This course focuses on the social and cultural aspects of networked life through internet-related technologies (including computers, mobile devices, entertainment technologies, and emerging media forms).
This course examines the birth and international expansion of an American industry of political marketing. It focuses attention on the cultural processes, sociopolitical contexts and moral utopias that shape the practice of political marketing in the U.S. and in different countries. By looking at the debates and expert practices at the core of the business of politics, the course explores how the "universal" concept of democracy is interpreted and reworked through space and time, while examining how different cultural groups experimenting with political marketing understand the role of citizens in a democracy.
This course explores the issue of human trafficking for forced labour and sexual slavery, focusing on its representation in recent scholarly accounts and advocacy as well as in other media. Ethnographic and fictional readings along with media analysis help to develop a contextualized and comparative understanding of the phenomena in both past and present contexts. It examines the wide range of factors and agents that enable these practices, such as technology, cultural practices, social and economic conditions, and the role of governments and international organizations. The course also discusses the analytical, moral and methodological questions of researching, writing, and representing trafficking and slavery.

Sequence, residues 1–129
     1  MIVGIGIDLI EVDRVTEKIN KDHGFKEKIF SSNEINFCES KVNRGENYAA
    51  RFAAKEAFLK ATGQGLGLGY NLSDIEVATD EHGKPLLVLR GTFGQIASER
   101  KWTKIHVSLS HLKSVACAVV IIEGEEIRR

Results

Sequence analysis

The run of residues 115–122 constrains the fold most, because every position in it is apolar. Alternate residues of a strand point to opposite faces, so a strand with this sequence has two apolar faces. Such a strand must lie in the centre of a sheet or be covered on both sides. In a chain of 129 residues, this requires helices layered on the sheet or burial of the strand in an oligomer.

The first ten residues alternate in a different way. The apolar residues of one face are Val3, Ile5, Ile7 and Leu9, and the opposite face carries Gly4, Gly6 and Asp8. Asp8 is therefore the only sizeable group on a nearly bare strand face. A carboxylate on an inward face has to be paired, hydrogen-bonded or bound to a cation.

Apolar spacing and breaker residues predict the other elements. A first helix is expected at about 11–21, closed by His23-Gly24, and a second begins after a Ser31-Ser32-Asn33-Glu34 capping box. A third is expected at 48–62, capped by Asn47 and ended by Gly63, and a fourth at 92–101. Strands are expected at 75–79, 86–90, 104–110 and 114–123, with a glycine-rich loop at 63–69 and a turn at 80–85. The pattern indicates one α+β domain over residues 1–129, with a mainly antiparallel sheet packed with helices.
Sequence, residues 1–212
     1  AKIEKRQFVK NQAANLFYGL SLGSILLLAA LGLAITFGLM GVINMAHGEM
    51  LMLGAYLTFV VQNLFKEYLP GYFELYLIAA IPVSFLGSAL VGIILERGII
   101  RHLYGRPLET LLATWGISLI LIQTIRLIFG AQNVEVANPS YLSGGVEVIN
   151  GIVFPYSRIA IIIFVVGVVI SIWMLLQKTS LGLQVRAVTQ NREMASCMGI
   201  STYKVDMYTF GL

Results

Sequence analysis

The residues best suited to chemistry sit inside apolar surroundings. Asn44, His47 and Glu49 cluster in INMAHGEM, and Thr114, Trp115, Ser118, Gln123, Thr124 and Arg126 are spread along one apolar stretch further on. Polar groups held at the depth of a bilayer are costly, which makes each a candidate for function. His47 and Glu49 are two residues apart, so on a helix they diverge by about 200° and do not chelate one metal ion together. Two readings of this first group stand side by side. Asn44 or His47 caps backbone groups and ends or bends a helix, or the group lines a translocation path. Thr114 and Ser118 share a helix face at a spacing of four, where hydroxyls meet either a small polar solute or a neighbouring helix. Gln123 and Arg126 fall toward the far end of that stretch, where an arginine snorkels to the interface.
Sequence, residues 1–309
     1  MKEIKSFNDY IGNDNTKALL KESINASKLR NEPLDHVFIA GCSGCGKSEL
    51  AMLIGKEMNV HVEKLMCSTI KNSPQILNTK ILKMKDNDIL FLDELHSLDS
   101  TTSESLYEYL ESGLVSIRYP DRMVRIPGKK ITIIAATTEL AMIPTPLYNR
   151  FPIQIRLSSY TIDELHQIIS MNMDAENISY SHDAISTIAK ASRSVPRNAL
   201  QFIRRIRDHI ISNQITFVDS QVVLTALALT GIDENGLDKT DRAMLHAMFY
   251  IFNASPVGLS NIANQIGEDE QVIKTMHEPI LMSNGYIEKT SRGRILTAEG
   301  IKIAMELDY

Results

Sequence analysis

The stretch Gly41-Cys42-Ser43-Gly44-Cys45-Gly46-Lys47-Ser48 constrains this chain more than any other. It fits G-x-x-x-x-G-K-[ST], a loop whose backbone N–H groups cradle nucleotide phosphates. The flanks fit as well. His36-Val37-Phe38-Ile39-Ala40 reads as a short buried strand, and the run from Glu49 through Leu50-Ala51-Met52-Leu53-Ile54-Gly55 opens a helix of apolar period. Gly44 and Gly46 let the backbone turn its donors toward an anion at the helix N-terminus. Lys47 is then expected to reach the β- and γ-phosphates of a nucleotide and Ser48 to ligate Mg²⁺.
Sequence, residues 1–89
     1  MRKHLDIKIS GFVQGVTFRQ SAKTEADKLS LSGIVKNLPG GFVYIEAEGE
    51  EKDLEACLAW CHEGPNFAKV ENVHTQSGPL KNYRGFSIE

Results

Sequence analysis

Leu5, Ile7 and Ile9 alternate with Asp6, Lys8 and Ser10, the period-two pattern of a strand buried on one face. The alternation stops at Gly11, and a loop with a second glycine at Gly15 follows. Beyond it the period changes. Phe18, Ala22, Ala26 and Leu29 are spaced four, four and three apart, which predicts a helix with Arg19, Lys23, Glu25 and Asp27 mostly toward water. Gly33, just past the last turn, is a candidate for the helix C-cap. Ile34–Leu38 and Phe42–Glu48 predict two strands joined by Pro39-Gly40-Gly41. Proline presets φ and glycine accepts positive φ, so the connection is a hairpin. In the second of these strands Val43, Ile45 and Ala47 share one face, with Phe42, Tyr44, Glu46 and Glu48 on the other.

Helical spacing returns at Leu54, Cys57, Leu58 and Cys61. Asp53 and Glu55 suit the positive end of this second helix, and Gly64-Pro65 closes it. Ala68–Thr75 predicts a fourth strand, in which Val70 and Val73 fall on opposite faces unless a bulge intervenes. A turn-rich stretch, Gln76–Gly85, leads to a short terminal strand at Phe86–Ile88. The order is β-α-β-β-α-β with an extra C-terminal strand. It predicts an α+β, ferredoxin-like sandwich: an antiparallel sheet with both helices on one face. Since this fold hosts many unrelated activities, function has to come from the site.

This course introduces scholarly debates about the sociocultural practices through which individuals and societies create, sustain, recall, and erase memories. Emphasis is given to the history of knowledge, construction of memory, the role of authorities in shaping memory, and how societies decide on whose versions of memory are more "truthful" and "real." Other topics include how memory works in the human brain, memory and trauma, amnesia, memory practices in the sciences, false memory, sites of memory, and the commodification of memory. Students taking the graduate version complete additional assignments.
Through investigating cross-cultural case studies, this course introduces students to the anthropological study of the social institutions and symbolic meanings of family, gender, and sexuality. We will explores the myriad forms that families and households take and considers their social, emotional, and economic dynamics.